Star Cat

Writer / Artist
Star Cat
Star Cat graphic novel review
  • UK publisher / ISBN: David Fickling Books - 1-9102-0006-9
  • Release date: 2014
  • UPC: 9781910200063
  • Contains adult content?: no
  • Does this pass the Bechdel test?: no
  • Positive minority portrayal?: no

What did I tell you about helping people to destroy the universe?” “As cunning as you are perpendicular my oblong overlord.” “She may not know the difference between a proton and a neutron, but she’s happy to whack them both with a hammer and hope for the best.” “It’s this stopper that keeps all the air in the galaxies, and when I pull it out the universe will deflate.”

The clueless Captain Spacington, not above playing with his own action figure, commands the Star Cat, half spacecraft, half cat. He travels the universe, perpetually on the brink of being responsible for some great disaster, yet always managing to pull the fat out of the fire, largely by complete coincidence.

His crew are a motley collection of Futurama-style aliens, and even if he can understand their language, he can’t comprehend their motivations. There’s the egotistical robot, the inept tentacled science officer, and the pilot, also a cat, but with the extra enjoyable level of speaking in code. Most kids ought to be able to work it out simply enough, and he’s given funny lines to match the remainder of the cast.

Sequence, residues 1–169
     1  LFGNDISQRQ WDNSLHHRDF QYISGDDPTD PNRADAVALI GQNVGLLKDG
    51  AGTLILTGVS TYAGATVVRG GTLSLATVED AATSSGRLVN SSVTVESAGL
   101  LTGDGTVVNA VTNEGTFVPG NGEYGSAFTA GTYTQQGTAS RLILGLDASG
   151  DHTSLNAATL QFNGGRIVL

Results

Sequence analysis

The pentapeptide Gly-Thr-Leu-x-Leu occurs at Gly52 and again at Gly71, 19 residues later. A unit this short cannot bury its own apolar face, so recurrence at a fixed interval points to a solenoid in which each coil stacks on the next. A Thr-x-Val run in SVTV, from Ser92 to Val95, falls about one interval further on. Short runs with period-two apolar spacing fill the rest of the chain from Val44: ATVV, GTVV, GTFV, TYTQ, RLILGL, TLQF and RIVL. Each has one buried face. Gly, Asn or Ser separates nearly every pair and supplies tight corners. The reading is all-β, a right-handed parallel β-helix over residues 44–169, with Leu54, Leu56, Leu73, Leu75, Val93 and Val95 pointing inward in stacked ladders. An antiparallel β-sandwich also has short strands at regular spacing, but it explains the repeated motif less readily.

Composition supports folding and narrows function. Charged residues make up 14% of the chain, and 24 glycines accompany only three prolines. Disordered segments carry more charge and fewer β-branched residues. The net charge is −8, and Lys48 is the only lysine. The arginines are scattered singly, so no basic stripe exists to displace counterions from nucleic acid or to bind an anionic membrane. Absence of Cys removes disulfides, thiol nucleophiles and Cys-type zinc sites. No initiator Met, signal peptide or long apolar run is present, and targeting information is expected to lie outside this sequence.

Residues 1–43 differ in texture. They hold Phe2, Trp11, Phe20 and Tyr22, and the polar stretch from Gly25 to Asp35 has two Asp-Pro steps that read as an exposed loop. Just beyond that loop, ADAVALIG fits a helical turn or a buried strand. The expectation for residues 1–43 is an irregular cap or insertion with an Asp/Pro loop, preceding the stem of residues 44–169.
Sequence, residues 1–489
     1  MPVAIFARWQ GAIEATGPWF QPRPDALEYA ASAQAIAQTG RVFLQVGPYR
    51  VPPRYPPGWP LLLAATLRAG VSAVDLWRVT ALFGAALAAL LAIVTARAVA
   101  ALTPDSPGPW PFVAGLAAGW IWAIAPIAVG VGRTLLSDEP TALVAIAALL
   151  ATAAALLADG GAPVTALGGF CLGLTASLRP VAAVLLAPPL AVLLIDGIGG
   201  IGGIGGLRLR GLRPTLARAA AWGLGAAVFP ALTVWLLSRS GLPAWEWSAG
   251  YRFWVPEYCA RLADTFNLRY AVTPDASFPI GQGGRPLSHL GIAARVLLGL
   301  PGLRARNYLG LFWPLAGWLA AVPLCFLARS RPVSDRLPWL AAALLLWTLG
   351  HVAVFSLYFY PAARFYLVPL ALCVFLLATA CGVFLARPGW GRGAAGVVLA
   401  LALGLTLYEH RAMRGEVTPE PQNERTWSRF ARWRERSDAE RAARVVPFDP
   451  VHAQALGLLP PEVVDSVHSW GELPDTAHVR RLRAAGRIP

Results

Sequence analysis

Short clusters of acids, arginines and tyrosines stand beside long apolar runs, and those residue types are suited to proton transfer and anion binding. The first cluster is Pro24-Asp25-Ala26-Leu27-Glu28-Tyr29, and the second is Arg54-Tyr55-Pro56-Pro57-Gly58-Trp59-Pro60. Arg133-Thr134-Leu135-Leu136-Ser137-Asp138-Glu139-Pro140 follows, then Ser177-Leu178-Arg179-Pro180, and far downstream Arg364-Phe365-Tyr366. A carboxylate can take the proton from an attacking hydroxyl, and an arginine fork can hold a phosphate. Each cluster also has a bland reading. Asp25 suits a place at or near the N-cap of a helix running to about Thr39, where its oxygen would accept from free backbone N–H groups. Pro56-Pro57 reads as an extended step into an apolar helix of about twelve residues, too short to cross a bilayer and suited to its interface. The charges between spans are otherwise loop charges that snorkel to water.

Ten strips are collected here, all hilarious and wildly inventive children’s comics from James Turner. He’s taken on board the surreal work of French cartoonists like Lewis Trondheim and Joann Sfar, but brings his own style and imagination, and the slapstick of traditional British children’s comics. Threats include a Mecha Vampire, the two-dimensional Dark Rectangle, a robot art-lover and the dangers of the crew being let loose with a time machine. The spacecraft is magnificent, armed with a condiment cannon for a start. When the crew require speed a hatch opens and an extendible arm dangles a ball of wool in front of the cat’s eyes, keeping it just out of reach.

British children’s comics haven’t seen anything as wild and inventive as Star Cat since the Beano‘s golden era of the 1950s and 1960s. It’s stunning material that will keep kids happy for hours as they giggle over the cluttered pages and ridiculous cast, and the sheer volume of jokes, both verbal and visual, will ensure equal appeal to those reading the book to younger children.

To fit the publisher’s reformatted versions of all-ages graphic novels, several of the stories here were redrawn for a new version of Star Cat.